If a patient is competent they should absolutely have the right to refuse taking medication no matter what the circumstances. I am a bit more reserved when it comes to my feelings about a patient who is deemed incompetent. If a person is not competent, I feel they do not have the right to refuse medication. Whenever possible, a family member or legal guardian should be responsible for making this decision for these patients. In circumstances where this is not possible, I feel the answer to this question is best left in the hands of medical professionals.
The ANA represents nurses and stands for their rights. The Code of Ethics has been developed and changed over time to keep up with progress in the field as well as with interpretation of the codes. It is something that explains a nurse’s obligation and duties. This Code of Ethics is a guide of conduct. This guide should be strictly observed by nurses and nursing students so they can make proper judgments and give ethical treatment to all persons under his/her care.
The definition of Evidence Based Practice (EBP) is “professional understanding and action that is based on the thoughtful use of knowledge and information from available, reliable, and dependent sources” (Brown, 2002). The definition also includes the balance of clinical experience, proven evidence from scientific studies with patient input. This input from patients will incorporate their culture, values and other preferences.. Evidence Based Practice is a fluent process that requires nurses to be current and correct on information as it pertains to their daily practice. The intent of EBP is to improve the quality of the care that is delivered to the client.
By applying system theory to their problem, researchers were able to see that patients and families were in need of stability and balance in their life. The relationship between systems theory and healthcare delivery reinforces behaviors that can minimize errors and allow for better quality healthcare. Systems Theory is beneficial to the delivery of Healthcare in the U.S. as healthcare professionals are provided additional information on the functionality of various systems. Healthcare professionals can more effectively care for patients, families and communities. As well, the medical industry can more effectively bring about desired changes in the workplace by analysis best practices within their workplace system.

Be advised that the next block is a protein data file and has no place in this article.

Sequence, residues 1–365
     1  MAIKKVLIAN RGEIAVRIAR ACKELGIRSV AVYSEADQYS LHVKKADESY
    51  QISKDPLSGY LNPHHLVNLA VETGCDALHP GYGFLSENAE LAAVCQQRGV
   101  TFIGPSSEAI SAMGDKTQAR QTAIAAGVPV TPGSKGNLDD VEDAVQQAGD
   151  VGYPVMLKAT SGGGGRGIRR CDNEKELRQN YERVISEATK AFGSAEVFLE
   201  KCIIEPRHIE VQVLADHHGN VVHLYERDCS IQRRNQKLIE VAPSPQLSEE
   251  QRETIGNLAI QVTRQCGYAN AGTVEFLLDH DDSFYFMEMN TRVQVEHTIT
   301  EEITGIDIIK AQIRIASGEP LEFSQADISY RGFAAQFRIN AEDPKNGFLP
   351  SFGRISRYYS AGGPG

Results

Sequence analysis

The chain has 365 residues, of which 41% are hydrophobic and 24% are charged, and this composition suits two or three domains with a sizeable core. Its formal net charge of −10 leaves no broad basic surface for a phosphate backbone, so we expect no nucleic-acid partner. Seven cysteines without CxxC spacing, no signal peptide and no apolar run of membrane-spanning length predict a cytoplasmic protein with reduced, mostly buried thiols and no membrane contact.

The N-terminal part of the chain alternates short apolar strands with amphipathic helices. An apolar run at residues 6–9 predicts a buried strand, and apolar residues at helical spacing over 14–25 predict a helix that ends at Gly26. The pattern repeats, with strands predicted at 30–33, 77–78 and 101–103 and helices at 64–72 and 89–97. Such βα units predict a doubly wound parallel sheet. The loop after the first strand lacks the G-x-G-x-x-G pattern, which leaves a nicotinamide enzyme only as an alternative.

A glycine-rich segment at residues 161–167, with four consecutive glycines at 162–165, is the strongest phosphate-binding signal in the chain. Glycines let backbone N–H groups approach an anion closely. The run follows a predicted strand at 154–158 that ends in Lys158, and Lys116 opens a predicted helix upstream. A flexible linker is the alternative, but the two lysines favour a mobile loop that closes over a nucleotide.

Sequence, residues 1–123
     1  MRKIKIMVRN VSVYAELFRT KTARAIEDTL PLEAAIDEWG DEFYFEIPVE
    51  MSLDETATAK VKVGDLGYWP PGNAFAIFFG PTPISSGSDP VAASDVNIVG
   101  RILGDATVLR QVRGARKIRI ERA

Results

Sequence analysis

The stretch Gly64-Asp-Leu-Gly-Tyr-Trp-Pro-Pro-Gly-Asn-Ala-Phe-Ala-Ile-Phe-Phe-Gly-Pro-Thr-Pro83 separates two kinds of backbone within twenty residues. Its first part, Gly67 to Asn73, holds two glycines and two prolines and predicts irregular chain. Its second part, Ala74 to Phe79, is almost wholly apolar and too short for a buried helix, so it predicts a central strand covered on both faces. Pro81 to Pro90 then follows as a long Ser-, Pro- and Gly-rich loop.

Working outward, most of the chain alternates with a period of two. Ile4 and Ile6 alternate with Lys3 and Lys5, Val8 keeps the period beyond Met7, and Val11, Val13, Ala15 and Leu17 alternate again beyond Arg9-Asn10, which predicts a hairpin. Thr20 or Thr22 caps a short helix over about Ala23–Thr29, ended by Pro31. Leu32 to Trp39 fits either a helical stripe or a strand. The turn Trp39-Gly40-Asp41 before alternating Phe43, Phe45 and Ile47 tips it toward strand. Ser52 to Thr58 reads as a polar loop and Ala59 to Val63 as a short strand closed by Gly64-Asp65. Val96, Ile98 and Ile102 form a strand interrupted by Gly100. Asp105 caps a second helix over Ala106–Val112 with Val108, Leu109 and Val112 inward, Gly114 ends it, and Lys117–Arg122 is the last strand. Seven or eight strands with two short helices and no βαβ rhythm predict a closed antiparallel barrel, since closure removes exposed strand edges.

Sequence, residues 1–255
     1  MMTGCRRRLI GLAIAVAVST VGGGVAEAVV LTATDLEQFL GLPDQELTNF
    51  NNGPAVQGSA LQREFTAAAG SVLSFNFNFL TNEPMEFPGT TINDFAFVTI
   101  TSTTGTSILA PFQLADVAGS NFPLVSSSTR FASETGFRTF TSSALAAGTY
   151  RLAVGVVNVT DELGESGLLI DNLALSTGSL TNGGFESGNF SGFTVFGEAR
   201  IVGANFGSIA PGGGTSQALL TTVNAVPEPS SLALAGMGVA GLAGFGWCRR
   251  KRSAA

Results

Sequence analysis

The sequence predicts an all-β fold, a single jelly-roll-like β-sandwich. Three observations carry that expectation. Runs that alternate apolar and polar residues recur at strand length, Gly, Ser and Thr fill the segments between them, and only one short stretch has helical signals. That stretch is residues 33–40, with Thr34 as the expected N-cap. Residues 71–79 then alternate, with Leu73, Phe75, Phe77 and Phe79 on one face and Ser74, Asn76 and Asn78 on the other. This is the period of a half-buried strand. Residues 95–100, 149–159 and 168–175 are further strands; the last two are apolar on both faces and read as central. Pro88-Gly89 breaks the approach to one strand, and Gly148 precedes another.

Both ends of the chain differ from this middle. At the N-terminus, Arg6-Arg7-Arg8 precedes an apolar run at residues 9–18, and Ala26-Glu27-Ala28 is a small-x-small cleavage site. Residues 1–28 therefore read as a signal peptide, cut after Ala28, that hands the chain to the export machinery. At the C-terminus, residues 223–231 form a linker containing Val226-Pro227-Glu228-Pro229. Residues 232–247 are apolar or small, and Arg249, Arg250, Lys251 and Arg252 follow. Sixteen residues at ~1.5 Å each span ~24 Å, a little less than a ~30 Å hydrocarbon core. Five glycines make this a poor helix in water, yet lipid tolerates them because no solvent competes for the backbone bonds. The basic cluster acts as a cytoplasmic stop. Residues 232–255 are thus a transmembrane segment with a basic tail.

The ANA code of ethics has provisions in place to assist in a decision for this case. Provision 1 protects human dignity, the right to self-determination. Provision 2 protects the patient's interests and facilitates collaboration among health care providers. Provision 3 and 4 provides standards, accountability, responsibility for nursing judgment and action. In the case of malpractice witnessed by a nurse against a fellow nurse and the facility that they worked, the code of ethics also has provisions to protect nurses as well.